Abstract
In this work, we study the exciton states in a zincblende InGaN/GaN quantum well using a variational technique. The system is considered under the action of intense laser fields with the incorporation of a direct current electric field as an additional external probe. The effects of these external influences as well as of the changes in the geometry of the heterostructure on the exciton binding energy are discussed in detail.
Keywords:
Nitrides; Excitons; Intense laser field; Quantum wellsBackground
InGaNbased systems have revealed a high prospect for applications in optoelectronics. Although the hexagonal (wurtzite) allotropic form is the one most commonly considered, the zincblende (ZB) IIIV nitrides are also very promising materials that have been obtained with highquality crystal structure [14]. This is mostly due to the fact that the cubic symmetry avoids the presence of rather high spontaneous polarizations in the crystal, which are, in a greater extent, responsible for the presence of large builtin fields in wurtzitebased heterostructures, responsible for important reductions in the oscillator strength, and the optical recombination rates in that kind of systems [5,6]. However, the ZB structure in nitrides is provided with higher carrier mobilities, larger optical gain and lower threshold current density because of its smaller effective mass, and has mirror facets compatible with substrates such as GaAs [79]. In consequence, the ZB nitridebased heterostructures have drawn much attention in recent times [1013].
The knowledge of exciton states is important for the correct understanding of some optical properties in the semiconducting lowdimensional systems. Investigations on excitons and related optical properties in ZB nitride lowdimensional systems have been mostly performed in quantum dots [1418], but much less in quantum well (QW) heterostructures [19,20].
Research activities on the interaction of intense laser fields (ILF) with carriers in semiconductor nanostructures have revealed interesting physical phenomena. For instance, the presence of changes in the electron density of states in QWs and quantum well wires (QWWs) [21,22], the measurement of zeroresistance states in twodimensional electron gases under microwave radiation [23], terahertz resonant absorption in QWs [24], and FloquetBloch states in singlewalled carbon nanotubes [25], among others. A number of investigations on the effect of laser fields on low dimensional heterostructures have been published. The dressed atom approach was extended by Brandi et al. [26,27] to treat the influence of the laser field upon a semiconductor system. In the model, the interaction with the laser is taken into account through the renormalization of the semiconductor effective mass. The appearance of an unexpected transition from single to double QW potential induced by ILF was revealed in a theoretical study from Lima et al. [28]. Within the laserdressed potential model, it is found that the formation of a doublewell potential for values of the laser frequencies and intensities such that the socalled laserdressing parameter α_{0} is larger than L/2, where L is the QW width. This fact is associated with the possibility of generating resonant states into the system’s channel as well as of controlling the population inversion in QW lasers operating in the optical pumping scheme.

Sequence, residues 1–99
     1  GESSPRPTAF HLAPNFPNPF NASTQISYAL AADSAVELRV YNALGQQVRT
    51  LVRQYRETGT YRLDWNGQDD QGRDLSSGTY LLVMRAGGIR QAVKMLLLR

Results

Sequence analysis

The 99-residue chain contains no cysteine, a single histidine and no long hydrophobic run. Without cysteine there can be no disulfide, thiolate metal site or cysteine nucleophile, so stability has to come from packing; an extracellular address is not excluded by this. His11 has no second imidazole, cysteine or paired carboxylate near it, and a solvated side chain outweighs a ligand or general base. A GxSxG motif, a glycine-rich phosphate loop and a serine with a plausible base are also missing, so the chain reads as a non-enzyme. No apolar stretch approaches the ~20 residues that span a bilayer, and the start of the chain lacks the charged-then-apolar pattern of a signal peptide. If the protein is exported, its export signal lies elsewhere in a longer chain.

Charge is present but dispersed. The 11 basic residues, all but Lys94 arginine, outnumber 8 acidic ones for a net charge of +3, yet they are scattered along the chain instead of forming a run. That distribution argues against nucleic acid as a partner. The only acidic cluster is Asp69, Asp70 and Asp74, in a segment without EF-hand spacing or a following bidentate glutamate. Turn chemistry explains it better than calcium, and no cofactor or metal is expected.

The present work is concerned with the theoretical study of the effects of ILF on exciton states in single ZB nitride QWs of the InGaNGaN prototype. The research is extended to include the additional influence of an applied direct (dc) electric field oriented along the growth direction of the system. The paper is organized as follows. In the ‘Theoretical framework’ subsection in the ‘Methods’ section, we describe the theoretical framework. The ‘Results and discussion’ section is dedicated to the results and discussion, and finally, our conclusions are given in the ‘Conclusions’ section.
Methods
Theoretical framework
Here, we are concerned with the effects of ILF on the binding energy of a heavyhole exciton in a single In_{x}Ga_{1−x}NGaN QW grown along the zaxis and in the presence of applied electric field. The envelopefunction and parabolicband approximations are assumed. The choice for the electric field orientation is . The Hamiltonian for the confined exciton is then given as follows:
where ( ) is the electron (hole) coordinate, ( ) is the spherically symmetric electron (hole) effective mass, εis the static dielectric constant, e is the absolute value of the electron charge, and V_{i} (z_{i}) (i = e,h) are the QW confining potential for the electron and hole. The functional form of the potential in the absence of the ILF is given as follows:
The electron and hole effective masses and the static dielectric constant have been considered to have the same value (the one in In_{x} Ga_{1−x}N) throughout the In_{x} Ga_{1−x}NGaN QW.
In order to find the eigenfunctions of the exciton Hamiltonian (Equation 1), it must be noticed that the total inplane exciton momentum is an exact integral of motion, and the exciton envelope wave function may be written as follows:
where S is the transverse area of the In_{x} Ga_{1−x}NGaN QW, , are the inplane center of mass and relative exciton coordinates, and is the eigenvalue of the operator . If (ground state), then is the eigenfunction of the Hamiltonian:
and
The method for the obtention of the electron and hole states is based on the work by Xia and Fan [29].
In order to consider the ILF effects (the polarization of the laser radiation is parallel to the zdirection), the socalled Floquet method is adopted [30,31]. According to this formalism, the second term at the right hand side in Equations 5 and 6 must be replaced by laserdressed potential 〈V〉( z_{i}α_{0i}), where for _{α0i} is the laserdressed parameter (from now on the ILFparameter) defined as follows [32]:
In Equation 7, I and ωare, respectively, the average intensity and the frequency of the laser, c is the velocity of the light, and _{A0} is the amplitude of the vector potential associated with the incident radiation. A detailed discussion on the derivation of 〈V〉( z_{i}α_{0i}) is provided in other studies [28,3337].